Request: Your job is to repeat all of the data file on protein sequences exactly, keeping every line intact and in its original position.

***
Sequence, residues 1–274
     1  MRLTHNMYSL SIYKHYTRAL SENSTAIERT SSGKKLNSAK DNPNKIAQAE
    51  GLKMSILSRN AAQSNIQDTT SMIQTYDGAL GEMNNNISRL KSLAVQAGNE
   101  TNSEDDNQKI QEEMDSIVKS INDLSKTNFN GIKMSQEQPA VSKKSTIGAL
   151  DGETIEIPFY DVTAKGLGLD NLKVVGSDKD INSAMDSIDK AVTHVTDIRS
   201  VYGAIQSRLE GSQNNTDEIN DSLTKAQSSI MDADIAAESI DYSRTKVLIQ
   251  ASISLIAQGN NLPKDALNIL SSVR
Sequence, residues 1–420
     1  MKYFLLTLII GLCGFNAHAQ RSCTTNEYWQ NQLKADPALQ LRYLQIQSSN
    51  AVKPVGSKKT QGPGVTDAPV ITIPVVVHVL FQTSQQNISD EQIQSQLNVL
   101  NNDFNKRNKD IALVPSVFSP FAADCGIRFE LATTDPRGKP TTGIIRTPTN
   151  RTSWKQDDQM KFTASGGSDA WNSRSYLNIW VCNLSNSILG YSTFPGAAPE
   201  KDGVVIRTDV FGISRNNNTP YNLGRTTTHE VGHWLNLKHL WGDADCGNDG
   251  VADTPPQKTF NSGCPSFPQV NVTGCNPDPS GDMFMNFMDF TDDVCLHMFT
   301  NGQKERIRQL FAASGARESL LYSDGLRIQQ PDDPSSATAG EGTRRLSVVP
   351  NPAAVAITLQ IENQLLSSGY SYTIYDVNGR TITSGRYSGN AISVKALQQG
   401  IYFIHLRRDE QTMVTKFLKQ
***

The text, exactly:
Sequence, residues 1–274
     1  MRLTHNMYSL SIYKHYTRAL SENSTAIERT SSGKKLNSAK DNPNKIAQAE
    51  GLKMSILSRN AAQSNIQDTT SMIQTYDGAL GEMNNNISRL KSLAVQAGNE
   101  TNSEDDNQKI QEEMDSIVKS INDLSKTNFN GIKMSQEQPA VSKKSTIGAL
   151  DGETIEIPFY DVTAKGLGLD NLKVVGSDKD INSAMDSIDK AVTHVTDIRS
   201  VYGAIQSRLE GSQNNTDEIN DSLTKAQSSI MDADIAAESI DYSRTKVLIQ
   251  ASISLIAQGN NLPKDALNIL SSVR
Sequence, residues 1–420
     1  MKYFLLTLII GLCGFNAHAQ RSCTTNEYWQ NQLKADPALQ LRYLQIQSSN
    51  AVKPVGSKKT QGPGVTDAPV ITIPVVVHVL FQTSQQNISD EQIQSQLNVL
   101  NNDFNKRNKD IALVPSVFSP FAADCGIRFE LATTDPRGKP TTGIIRTPTN
   151  RTSWKQDDQM KFTASGGSDA WNSRSYLNIW VCNLSNSILG YSTFPGAAPE
   201  KDGVVIRTDV FGISRNNNTP YNLGRTTTHE VGHWLNLKHL WGDADCGNDG
   251  VADTPPQKTF NSGCPSFPQV NVTGCNPDPS GDMFMNFMDF TDDVCLHMFT
   301  NGQKERIRQL FAASGARESL LYSDGLRIQQ PDDPSSATAG EGTRRLSVVP
   351  NPAAVAITLQ IENQLLSSGY SYTIYDVNGR TITSGRYSGN AISVKALQQG
   401  IYFIHLRRDE QTMVTKFLKQ